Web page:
Previous studies with a pre–post study design showed inconsistent findings on the association between a CT machine in the trauma resuscitation room and an improvement in clinical outcomes [6, 17,18,19]. A randomized control trial, the RACT1 trial, compared a CT machine in the trauma room to the conventional resuscitation room in two Dutch trauma centers (n = 1124) and found no significant effects of the CT machine in the trauma room on patient mortality . Recently, a multicenter randomized control trial to examine the effect of immediate TBCT scanning, the REACT 2 trial, conducted in several trauma centers found no significance in the reduction of mortality ; however, not all the trauma centers conducting the immediate TBCT had a CT machine in the trauma room. Stefan Huber-Wagner et al. compared the distance of the CT machine from the trauma resuscitation room with survival from several trauma centers . Our study was the first to identify the significant and positive effect of a trauma room equipped with a CT machine on patient mortality.
Our study also showed that a CT machine in the trauma room reduced the time to the start of CT scan by 20 min (from 37 to 23 min) and the length of the ED stay by 19 min (from 91 to 72 min). In selected samples after propensity score matching, time to start CT scan was reduced by 18 min (from 40 to 22 min) and the length of the ED stay reduced by 25.5 min (from 94.5 to 69 min). This reduction was comparable or larger than that described in previous studies [7, 18, 20,21,22, 30]. This time saved could improve the workflow in a trauma care center and has a beneficial effect for the department staff. Previous studies have shown that the diagnostic work-up time was significantly longer in patients undergoing a conventional resuscitation [7, 18, 20,21,22, 30]. A rapid overview of all threatened body regions can be obtained, which increased decision-making and treatment times, leading to a lower mortality.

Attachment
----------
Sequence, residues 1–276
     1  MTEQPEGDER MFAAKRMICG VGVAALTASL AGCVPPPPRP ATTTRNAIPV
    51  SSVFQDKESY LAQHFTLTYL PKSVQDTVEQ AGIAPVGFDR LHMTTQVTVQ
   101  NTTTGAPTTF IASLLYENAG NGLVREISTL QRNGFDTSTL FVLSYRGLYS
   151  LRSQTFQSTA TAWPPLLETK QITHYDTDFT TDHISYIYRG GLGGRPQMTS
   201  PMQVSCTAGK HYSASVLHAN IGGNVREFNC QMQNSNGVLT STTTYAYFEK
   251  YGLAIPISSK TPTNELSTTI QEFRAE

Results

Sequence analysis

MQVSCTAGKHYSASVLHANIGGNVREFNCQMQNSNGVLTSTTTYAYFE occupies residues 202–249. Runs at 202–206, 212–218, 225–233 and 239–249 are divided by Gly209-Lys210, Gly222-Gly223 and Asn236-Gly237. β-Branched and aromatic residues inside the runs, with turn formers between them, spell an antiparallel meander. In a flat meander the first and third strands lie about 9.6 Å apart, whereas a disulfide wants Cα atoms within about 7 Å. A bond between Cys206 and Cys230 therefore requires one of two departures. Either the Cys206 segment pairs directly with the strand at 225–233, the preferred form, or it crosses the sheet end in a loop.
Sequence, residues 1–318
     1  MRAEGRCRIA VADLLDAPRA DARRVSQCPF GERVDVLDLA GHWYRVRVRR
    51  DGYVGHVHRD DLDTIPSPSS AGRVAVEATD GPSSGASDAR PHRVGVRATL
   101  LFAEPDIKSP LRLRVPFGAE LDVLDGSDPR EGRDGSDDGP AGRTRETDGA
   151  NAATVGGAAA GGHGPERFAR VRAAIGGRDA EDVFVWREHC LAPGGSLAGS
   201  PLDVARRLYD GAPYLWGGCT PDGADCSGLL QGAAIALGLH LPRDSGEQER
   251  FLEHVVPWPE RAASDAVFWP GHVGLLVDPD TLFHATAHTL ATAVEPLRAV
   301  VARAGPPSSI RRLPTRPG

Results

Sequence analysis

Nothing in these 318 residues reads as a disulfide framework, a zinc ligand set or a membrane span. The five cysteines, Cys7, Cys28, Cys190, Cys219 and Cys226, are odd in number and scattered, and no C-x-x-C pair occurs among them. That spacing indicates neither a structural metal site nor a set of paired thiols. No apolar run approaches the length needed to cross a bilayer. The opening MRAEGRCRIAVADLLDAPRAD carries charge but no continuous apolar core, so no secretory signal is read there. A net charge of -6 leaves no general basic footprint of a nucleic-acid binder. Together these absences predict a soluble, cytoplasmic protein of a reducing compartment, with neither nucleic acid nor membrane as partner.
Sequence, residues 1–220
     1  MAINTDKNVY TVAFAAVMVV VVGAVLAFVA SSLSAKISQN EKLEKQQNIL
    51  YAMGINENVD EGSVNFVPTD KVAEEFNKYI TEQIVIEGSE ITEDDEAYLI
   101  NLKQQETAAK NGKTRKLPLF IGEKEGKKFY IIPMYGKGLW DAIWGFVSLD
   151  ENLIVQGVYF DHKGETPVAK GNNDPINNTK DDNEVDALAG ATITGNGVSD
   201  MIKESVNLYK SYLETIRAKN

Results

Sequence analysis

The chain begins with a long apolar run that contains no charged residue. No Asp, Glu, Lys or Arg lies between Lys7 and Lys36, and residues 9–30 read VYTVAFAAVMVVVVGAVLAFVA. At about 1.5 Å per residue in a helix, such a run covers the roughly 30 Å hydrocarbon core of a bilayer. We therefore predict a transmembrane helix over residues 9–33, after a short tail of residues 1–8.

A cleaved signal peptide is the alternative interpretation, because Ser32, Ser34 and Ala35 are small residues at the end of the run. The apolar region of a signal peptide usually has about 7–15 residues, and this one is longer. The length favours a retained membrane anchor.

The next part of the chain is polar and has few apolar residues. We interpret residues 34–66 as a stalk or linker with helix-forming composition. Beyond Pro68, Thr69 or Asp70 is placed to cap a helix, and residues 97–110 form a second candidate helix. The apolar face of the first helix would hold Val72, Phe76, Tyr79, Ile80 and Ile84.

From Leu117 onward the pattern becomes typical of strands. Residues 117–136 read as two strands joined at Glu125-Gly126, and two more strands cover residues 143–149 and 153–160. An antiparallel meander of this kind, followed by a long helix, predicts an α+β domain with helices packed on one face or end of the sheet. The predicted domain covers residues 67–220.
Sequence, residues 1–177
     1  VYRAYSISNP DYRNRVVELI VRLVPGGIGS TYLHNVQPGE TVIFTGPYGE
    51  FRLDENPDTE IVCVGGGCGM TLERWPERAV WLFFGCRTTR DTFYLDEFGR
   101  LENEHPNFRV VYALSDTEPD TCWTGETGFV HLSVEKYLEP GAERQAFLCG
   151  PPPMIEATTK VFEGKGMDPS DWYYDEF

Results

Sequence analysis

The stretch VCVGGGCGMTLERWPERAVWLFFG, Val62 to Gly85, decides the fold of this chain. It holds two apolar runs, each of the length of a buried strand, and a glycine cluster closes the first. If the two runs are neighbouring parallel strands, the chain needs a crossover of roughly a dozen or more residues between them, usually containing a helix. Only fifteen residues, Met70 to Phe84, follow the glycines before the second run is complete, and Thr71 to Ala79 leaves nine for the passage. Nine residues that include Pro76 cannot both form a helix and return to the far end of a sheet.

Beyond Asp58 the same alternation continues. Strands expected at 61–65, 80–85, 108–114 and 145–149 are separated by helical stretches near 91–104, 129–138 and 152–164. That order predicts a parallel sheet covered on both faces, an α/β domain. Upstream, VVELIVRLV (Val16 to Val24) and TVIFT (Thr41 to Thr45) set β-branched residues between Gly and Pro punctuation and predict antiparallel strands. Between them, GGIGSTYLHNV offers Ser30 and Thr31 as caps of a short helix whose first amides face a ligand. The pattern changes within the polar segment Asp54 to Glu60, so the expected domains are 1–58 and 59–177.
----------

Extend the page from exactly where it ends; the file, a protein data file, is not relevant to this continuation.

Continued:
The presence of a CT machine in a trauma resuscitation room also has the following potential benefits. Installing a CT machine in a trauma room reduces the number of transfers to a CT room. Patient transfers can be time-consuming and laborious as the patient has to be moved to a transport stretcher and then back to a CT table. In a previous study, it was dangerous to transfer patients with hemodynamic instability to a CT room, which was called the tunnel of death . These hemodynamically unstable patients could undergo a CT scan using the CT machine located in the trauma room. In our study, there were no patients who were unable to receive a CT scan because of hemodynamic instability in the group of patients treated in the trauma room with a CT machine. Installing a CT machine in a trauma room may resolve decision-making dilemmas in acute trauma care in patients without an obvious primary source or potentially multiple sources of hemorrhage. Such patients would benefit the most from CT scan information, as well as the reduced time to treatment.